Esther sat outside the Milwaukee Art Museum, perched on a bench along the shore of Lake Michigan. Marigold skies above reflected in unperturbed waters below, and between the two sat Esther, eating her dinner and watching the day die.
Esther had visited the museum to see a special exhibition featuring the woodblock prints of Hokusai, the Japanese artist. Specifically, she had wanted to see The Great Wave off Kanagawa, Hokusai’s most famous work, in person. She had spent all afternoon standing in front of the image, lost in its every detail.
In the print, a blue behemoth of a wave towered over three fishing boats. The wave reared its foamy crest and spat briny spray at the sailors below it. The men on the boats were resolute, but surely doomed, because the wave was poised to crash down on them with all the fury of the sea.
On her bench outside the museum, Esther ate a few berries and listened to the gentle undulations of Lake Michigan. She took a sip from her green smoothie and tried to imagine what the Great Wave must have sounded like as it engulfed the fishermen and their boats, claiming them all for the deep.
Esther choked on her mouthful of smoothie. She hadn’t even noticed the stranger approach her bench. “I—I’m sorry?”
“Those are nice pants,” the woman repeated. “Where’d you get them?”
“Oh, um.” Esther cleared her throat. “I made them, actually. I’m a clothing designer. I have a shop just around the corner.”
The newcomer was a handful of years older than Esther—late thirties, maybe—and from her jacket to her boots, she was dressed completely in gray.
“Tore my favorite pair of pants at work the other day,” the woman said. “Was a real bitch.”
Esther smiled apologetically. “Life’s a bitch, right?”
The woman snorted. “Life is bullshit, is what it is.” And then, without asking for or waiting for an invitation, she sat down beside Esther and gazed out at the water. “Don’t mind if I smoke, do you?”
Esther did mind, but she didn’t say anything. Instead, she ate another berry and studied the stranger on her bench out of the corner of her eye. Like Esther, the woman was slender and had short hair. Unlike Esther’s neat buzz, however, the older woman had more of an unkempt pixie, and it was a lighter shade than Esther’s raven. Her all-gray look wasn’t an entirely unpleasing aesthetic, but she would have benefited from a splash of color in there somewhere.
“What, um, kind of work do you do?” Esther ventured, for lack of a better thing to say.
The stranger sighed out a smoky cloud, looked at Esther, and with more than a little pride, said, “I kill ghosts. Send the fucking cunts straight back to wherever the hell.”
Esther opened her mouth to reply, could think of nothing to say, and closed it again.
“Most ghosts are harmless, but there are some murderous ones out there, just like there are murderers among us here in life. Stalkers and psychos that prey on the helpless. My team and I track those ghosts down, and then we put them down.”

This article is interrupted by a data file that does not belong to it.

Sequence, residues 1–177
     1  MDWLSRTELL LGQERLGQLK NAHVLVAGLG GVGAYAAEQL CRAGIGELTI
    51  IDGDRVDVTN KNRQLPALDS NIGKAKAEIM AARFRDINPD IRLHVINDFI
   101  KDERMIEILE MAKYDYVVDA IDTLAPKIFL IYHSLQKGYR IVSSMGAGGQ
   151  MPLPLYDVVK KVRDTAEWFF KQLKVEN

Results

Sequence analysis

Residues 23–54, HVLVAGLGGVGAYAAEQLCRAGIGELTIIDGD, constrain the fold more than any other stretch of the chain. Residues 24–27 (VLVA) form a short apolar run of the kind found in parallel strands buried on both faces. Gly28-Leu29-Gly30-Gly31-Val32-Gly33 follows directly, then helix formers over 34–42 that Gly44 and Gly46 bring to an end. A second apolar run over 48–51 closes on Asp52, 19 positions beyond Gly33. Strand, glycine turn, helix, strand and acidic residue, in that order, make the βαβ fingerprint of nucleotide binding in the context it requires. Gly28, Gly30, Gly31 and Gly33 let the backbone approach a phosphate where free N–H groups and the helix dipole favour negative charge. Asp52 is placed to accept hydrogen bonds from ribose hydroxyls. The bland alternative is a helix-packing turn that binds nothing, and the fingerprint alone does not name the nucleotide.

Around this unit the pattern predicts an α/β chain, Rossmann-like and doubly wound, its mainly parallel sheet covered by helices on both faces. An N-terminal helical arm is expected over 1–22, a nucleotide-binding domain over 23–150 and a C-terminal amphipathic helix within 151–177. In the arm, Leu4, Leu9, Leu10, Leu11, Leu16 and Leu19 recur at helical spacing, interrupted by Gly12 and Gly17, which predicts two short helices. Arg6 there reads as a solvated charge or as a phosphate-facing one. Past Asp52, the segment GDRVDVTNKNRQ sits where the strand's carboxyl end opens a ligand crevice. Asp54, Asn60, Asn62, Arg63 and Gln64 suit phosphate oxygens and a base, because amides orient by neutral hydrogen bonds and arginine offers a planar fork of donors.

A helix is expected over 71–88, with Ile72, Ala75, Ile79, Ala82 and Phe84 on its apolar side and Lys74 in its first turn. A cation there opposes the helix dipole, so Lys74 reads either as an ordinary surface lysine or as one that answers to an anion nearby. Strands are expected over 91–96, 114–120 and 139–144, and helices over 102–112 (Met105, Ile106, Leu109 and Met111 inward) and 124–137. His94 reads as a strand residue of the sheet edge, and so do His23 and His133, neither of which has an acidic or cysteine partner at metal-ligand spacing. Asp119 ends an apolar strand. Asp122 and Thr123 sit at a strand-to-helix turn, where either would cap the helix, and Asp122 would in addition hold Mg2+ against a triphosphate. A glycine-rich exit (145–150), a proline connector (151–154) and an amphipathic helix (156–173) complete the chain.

Esther took a drink from her smoothie.
“Most people don’t even know they’re being haunted until it’s too late,” the woman went on. “There are lots of early warning signs, but people usually don’t recognize them for what they are. Pictures that won’t hang straight, mirrors that don’t reflect right, lights that flicker. Haven’t noticed anything like that at your place, have you?”
“Well, like I said,” the lady in gray went on, “life is bullshit. But I figure that if I can bring a little bit of order to all the chaos in this messy world…then maybe it will all be worth it in the end. Life, I mean. Killing ghosts is my way of bringing order.”
Light had been steadily fleeing the sky above the two women. Esther made a show of looking at her watch and making an oh-is-that-what-time-it-is? noise. “I should, um, probably get going.”
“Yeah. Good talk. Hey, I’m Dimeter by the way.”
“Esther,” Esther replied, extending her hand. After they shook, Esther discovered that Dimeter had pressed a small card into her palm.
“If you notice anything weird,” Dimeter said, nodding at the card, “call me.”
After Dimeter had walked away, Esther looked down at the business card she held. It was creased in the middle, and one of the corners was folded over. It said:
Experts in paranormal activity
Experienced ghost exterminators
On the back, there was a phone number. Because Esther didn’t want Dimeter to see her tossing it in the trash, she slipped the card into her purse.
As Esther finished her supper, the sky above her faded to black. The reflections in the water surrendered their glittering luster to the night, until all that remained were murmuring waves in the darkness.
West Hawthorne Drive was not without its quirks, but to Esther, it was home. Gliding down the short street and around the cul-de-sac on her rollerblades, she thought about what the stranger in gray had said the evening before.
The truth was, many of Esther’s neighbors did believe in ghosts. Many of them claimed to have experienced things on Hawthorne Drive that could only be attributed to supernatural activity. Esther hadn’t lived on the street very long, but had never seen or heard anything out of the ordinary for herself. She had never believed in ghost stories, and she wasn’t about to start.
My latest short story, “In the Shadow of the Seam” has been published in full as part of The Hawthorne Project, a new anthology from Raw Earth Ink!
The Hawthorne Project is a collaboration between eleven authors that collectively tells the story of one crazy week in the lives of the residents of West Hawthorne Drive. It can be purchased in paperback from Lulu and Amazon, and as a Kindle e-book.